18 Aug 2012

Inquiry to be held into killing at mine

2:55 pm on 18 August 2012

President Jacob Zuma of South Africa has announced an inquiry into trouble at a platinum mine in the north-east of the country.

Thirty four people were killed when police opened fire on striking miners on Thursday. At least 78 others were wounded in the confrontation.

Mr Zuma said he was "saddened and dismayed" and offered condolences to all families who had lost loved ones.

"We have to uncover the truth about what happened here,'' he said. ''I have decided to institute a commission of inquiry. It will enable us to get to the real cause of the incident and derive the necessary lessons."

The president said his thoughts were with the families of those who had lost their lives, but also with the police "who have to intervene in difficult situations".

Mr Zuma added:

''Today is not an occasion for blame, finger-pointing or recrimination. Today challenges us to restore calm and to share the pain of the affected families and communities. Today is about reminding ourselves of our responsibility as citizens.''

The president said it was a "cornerstone of hard-won democracy" to allow for peaceful protests, but added that today was "a day for us to mourn together as a nation - a day to start rebuilding and healing".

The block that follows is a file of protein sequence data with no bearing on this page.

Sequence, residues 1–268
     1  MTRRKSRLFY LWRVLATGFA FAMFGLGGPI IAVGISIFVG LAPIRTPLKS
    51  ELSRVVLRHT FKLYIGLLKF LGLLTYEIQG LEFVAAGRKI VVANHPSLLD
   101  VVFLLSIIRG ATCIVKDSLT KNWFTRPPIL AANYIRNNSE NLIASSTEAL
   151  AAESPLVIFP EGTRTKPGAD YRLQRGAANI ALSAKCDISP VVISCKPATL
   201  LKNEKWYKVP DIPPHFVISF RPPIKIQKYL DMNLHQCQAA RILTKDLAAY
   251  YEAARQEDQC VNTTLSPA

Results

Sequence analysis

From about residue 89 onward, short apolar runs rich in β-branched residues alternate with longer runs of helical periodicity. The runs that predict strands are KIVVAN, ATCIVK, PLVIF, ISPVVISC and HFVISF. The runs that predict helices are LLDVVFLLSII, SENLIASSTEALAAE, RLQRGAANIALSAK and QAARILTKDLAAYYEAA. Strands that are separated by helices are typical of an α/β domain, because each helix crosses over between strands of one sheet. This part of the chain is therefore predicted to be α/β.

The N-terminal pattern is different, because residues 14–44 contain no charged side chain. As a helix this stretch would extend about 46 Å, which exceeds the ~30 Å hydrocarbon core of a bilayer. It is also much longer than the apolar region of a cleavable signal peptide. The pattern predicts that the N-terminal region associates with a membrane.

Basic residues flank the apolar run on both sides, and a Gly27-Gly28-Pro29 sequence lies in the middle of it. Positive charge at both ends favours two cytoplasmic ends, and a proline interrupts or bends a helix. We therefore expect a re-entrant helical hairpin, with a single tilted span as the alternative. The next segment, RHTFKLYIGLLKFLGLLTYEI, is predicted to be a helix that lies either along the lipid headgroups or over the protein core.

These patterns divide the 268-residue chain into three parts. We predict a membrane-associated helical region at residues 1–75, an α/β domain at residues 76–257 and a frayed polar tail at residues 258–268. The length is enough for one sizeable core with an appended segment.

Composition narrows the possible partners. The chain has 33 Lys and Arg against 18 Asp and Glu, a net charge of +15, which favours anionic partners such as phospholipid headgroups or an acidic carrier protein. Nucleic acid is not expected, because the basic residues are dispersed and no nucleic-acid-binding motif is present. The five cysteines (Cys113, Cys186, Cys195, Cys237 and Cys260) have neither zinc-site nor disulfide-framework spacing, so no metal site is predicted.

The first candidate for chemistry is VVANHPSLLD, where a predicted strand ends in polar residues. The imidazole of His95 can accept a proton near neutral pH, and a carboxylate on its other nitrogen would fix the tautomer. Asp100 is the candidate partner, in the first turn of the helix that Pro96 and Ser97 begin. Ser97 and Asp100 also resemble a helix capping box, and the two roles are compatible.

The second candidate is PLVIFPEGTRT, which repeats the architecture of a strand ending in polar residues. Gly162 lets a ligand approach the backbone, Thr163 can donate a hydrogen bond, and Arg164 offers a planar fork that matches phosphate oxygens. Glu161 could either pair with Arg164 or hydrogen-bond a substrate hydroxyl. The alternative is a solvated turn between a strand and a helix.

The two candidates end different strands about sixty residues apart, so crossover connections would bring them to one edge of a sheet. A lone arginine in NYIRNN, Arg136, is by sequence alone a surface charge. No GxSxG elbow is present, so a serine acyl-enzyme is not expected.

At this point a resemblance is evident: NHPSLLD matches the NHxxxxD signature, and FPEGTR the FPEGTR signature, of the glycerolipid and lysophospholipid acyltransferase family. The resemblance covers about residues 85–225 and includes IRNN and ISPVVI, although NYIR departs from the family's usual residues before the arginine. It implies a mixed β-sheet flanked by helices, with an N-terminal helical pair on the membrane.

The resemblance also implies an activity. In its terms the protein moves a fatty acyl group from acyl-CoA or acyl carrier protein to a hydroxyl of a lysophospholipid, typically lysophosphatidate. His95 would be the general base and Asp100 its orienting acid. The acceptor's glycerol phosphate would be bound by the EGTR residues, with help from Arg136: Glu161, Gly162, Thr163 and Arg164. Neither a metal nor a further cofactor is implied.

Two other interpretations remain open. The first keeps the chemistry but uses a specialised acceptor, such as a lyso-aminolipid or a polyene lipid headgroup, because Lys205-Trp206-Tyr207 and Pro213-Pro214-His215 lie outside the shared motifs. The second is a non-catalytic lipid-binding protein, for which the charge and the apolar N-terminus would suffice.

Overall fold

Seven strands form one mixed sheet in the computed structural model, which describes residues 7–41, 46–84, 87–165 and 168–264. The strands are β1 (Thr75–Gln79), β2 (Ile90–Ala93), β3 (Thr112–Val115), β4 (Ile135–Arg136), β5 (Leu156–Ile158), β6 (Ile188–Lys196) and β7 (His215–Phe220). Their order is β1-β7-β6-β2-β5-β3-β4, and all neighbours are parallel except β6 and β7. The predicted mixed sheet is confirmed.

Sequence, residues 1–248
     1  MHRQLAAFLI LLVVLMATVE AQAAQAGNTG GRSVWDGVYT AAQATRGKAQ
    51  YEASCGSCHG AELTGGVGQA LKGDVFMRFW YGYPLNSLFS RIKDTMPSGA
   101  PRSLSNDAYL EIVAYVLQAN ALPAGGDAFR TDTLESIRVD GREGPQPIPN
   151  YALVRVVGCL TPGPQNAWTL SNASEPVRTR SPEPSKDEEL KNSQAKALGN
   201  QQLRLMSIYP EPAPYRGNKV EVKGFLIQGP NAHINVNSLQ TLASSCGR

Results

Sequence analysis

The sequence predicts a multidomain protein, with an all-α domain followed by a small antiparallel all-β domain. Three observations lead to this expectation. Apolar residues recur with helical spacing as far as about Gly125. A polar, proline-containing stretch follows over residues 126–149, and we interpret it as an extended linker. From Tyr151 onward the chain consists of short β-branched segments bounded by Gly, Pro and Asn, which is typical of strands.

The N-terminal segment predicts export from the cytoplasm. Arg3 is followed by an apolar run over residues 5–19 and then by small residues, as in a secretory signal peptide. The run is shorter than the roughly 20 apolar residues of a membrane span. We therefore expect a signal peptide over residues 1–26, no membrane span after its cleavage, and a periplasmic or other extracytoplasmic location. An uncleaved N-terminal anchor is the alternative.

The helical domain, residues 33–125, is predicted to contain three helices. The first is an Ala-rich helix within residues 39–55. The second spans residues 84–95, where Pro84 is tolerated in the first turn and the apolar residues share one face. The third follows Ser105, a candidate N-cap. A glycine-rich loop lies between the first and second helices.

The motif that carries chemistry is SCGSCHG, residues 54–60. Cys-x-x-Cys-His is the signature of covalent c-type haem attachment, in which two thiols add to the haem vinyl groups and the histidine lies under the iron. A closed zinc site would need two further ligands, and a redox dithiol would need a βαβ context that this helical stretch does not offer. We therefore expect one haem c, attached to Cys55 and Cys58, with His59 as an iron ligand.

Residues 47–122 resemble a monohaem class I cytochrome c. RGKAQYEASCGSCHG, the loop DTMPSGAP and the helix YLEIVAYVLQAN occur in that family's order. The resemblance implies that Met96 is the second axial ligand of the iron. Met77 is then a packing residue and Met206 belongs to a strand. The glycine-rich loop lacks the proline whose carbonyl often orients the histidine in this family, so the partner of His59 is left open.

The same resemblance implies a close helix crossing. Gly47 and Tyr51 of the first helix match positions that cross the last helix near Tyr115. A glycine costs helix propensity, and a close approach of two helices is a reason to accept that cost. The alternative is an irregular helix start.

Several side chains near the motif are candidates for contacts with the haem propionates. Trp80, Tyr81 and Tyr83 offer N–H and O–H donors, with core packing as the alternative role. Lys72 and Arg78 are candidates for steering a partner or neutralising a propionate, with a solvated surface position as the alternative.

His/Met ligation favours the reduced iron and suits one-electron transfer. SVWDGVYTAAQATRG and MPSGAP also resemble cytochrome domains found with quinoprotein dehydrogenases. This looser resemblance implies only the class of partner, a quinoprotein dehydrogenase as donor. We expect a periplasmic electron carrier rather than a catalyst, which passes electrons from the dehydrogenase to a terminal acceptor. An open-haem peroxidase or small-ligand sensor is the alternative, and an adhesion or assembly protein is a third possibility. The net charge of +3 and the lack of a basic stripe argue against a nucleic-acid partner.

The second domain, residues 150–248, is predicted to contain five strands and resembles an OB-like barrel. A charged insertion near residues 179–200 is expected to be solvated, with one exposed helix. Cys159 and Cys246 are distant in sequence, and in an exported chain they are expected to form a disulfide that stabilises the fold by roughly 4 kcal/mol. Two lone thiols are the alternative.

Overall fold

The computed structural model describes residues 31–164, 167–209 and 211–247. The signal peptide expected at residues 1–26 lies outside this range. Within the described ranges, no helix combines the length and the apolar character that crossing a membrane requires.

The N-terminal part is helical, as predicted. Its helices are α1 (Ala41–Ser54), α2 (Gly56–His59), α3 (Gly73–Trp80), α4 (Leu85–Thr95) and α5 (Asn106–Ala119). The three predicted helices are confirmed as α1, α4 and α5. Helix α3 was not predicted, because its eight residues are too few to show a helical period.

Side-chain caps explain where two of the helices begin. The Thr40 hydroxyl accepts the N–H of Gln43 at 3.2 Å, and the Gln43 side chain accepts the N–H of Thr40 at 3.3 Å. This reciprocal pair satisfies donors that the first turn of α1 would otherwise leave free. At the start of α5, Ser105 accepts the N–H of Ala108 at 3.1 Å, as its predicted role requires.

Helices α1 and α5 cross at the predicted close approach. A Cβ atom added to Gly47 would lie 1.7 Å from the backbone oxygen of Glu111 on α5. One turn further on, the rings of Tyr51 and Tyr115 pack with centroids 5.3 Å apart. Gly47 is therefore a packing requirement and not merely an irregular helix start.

Mr Zuma cut short his attendance at a regional summit in Mozambique to deal with the crisis.

The shooting took place at a platinum mine in Marikana, owned by Lonmin.

A strike there began a week ago and had claimed the lives of 10 people, including two police officers, before Thursday, when officers opened fire on strikers armed with spears and clubs.

Police defended themselves

Police say the officers fired in self defence. Two officers were killed at Marikana last week.

Eyewitness reports suggest the shooting took place after a group of demonstrators rushed at a line of police officers. Dozens of shots were fired.

Police chief Riah Phiyega said officers "were forced to use maximum force to defend themselves".

On Thursday, Lonmin said that the strike meant it would lose 15,000 ounces of platinum production, and as a result it was unlikely to meet its production forecasts for the full year.

Platinum is used to make electrical components, jewellery and catalytic converters in motor vehicles which reduce carbon emissions.

Shares in Lonmin ended the week down more than 10% in London.